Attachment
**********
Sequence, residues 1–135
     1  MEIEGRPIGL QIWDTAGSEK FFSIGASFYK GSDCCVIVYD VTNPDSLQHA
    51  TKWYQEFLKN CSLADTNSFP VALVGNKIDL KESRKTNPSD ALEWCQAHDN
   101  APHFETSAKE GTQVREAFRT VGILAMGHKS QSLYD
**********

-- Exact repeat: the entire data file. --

Sequence, residues 1–135
     1  MEIEGRPIGL QIWDTAGSEK FFSIGASFYK GSDCCVIVYD VTNPDSLQHA
    51  TKWYQEFLKN CSLADTNSFP VALVGNKIDL KESRKTNPSD ALEWCQAHDN
   101  APHFETSAKE GTQVREAFRT VGILAMGHKS QSLYD